‘Chicago-style politics’ in Clint Eastwood’s Super Bowl ad?
By Corey Williams February 7, 2012 2:40AM
This advertisement provided by Chrysler Group LLC, shows actor Clint Eastwood, featured in an ad titled "It's Halftime In America," which aired during Super Bowl XVLI, Sunday, Feb. 5, 2012. AP Photo/Chrysler Group LLC)
Updated: March 8, 2012 8:17AM
DETROIT — People rarely pick a fight with Dirty Harry. But Chrysler’s “Halftime in America” ad featuring quintessential tough guy Clint Eastwood has generated fierce debate about whether it accurately portrays the country’s most economically distressed city or amounts to a campaign ad for President Barack Obama and the auto bailouts.
The 2-minute ad holds up Detroit as a model for American recovery while idealistic images of families, middle-class workers and factories scroll across the screen.
“People are out of work and they’re hurting,” Eastwood, 81, says in his trademark gravelly voice. “And they’re all wondering what they’re gonna do to make a comeback. And we’re all scared because this isn’t a game. The people of Detroit know a little something about this. They almost lost everything. But we all pulled together. Now, Motor City is fighting again.”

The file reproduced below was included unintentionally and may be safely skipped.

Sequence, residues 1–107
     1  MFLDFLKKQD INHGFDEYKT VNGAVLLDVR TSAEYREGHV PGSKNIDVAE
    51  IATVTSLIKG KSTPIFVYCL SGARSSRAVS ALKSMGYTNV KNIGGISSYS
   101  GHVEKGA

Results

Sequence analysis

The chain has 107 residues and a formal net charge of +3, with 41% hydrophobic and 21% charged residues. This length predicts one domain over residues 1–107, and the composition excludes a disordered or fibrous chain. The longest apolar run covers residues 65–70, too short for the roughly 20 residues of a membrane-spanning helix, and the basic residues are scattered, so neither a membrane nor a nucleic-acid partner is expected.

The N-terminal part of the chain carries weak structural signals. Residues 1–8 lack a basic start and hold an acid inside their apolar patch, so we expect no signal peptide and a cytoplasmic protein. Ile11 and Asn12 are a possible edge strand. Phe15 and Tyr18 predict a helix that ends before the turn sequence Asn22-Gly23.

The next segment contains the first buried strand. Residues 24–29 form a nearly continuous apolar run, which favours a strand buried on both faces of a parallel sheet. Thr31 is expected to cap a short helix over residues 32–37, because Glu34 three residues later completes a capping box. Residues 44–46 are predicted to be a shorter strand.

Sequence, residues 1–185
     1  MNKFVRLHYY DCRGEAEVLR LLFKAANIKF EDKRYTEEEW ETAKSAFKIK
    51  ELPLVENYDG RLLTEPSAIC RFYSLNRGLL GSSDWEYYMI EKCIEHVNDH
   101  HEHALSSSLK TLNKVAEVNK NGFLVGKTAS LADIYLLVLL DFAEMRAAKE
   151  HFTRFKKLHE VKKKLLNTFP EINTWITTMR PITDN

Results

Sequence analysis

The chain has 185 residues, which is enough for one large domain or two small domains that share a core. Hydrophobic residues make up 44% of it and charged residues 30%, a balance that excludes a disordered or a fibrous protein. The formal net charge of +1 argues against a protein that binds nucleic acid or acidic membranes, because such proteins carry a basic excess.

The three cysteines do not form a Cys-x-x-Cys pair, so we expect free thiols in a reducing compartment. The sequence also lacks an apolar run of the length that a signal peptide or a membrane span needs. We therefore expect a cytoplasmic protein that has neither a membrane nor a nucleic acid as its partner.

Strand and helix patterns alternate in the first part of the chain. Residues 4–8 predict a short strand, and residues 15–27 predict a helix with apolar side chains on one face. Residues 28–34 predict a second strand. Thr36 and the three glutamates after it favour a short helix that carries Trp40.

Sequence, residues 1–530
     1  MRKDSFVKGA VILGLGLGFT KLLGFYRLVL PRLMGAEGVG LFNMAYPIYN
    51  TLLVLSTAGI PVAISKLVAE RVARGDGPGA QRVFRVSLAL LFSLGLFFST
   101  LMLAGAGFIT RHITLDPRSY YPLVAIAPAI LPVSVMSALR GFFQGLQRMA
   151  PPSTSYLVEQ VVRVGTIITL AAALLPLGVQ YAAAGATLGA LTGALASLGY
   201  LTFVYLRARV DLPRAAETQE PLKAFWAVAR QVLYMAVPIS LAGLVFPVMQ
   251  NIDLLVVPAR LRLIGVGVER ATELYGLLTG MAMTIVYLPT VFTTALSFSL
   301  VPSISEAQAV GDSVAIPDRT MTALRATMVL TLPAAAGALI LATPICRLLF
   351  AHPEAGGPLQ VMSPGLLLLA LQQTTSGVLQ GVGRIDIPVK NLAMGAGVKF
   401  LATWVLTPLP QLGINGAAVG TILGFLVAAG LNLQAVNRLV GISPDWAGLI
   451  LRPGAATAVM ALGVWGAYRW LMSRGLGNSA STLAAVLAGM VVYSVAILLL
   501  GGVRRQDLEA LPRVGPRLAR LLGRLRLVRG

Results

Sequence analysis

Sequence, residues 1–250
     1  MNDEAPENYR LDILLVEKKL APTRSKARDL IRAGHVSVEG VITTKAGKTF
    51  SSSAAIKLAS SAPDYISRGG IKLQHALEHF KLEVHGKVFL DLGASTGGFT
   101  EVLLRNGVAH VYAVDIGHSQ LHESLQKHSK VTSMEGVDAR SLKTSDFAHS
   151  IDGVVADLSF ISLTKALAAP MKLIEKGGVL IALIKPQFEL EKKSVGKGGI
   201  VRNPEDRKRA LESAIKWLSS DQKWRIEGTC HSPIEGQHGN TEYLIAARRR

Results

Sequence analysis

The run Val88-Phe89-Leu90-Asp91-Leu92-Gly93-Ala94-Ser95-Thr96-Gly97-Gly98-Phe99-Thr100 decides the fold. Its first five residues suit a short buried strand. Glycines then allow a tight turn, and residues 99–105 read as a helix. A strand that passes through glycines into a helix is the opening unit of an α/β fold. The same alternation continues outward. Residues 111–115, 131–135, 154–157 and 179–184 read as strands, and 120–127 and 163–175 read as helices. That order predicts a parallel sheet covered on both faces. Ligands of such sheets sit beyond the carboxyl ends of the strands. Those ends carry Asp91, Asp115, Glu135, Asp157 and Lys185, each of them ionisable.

Conservatives, including GOP strategist Karl Rove, criticized the ad as a not-so-thinly veiled endorsement of the federal government’s auto industry bailouts.
“I was, frankly, offended by it,” Rove said Monday. “I’m a huge fan of Clint Eastwood, I thought it was an extremely well-done ad, but it is a sign of what happens when you have Chicago-style politics.”
Others questioned basing a story of economic resurgence in a city that remains in fiscal disarray, with a $200 million budget deficit and cash-flow concerns that have it fending off a state takeover.
But is it political? That depends on whom you ask.
“I can’t stop anybody from associating themselves with a message, but it was not intended to be any type of political overture on our part,” Chrysler CEO Sergio Marchionne said.
Last year was a pivotal turnaround year for Chrysler, which nearly collapsed in 2009. The company and its financial arm needed a $12.5 billion government bailout and a trip through bankruptcy protection to survive. Chrysler has since repaid its U.S. and Canadian government loans by refinancing them, but the U.S. government says it lost about $1.3 billion on the deal. Eastwood had previously slammed the bailout.
Obama spokesman Jay Carney said the White House had no role in the ad’s production.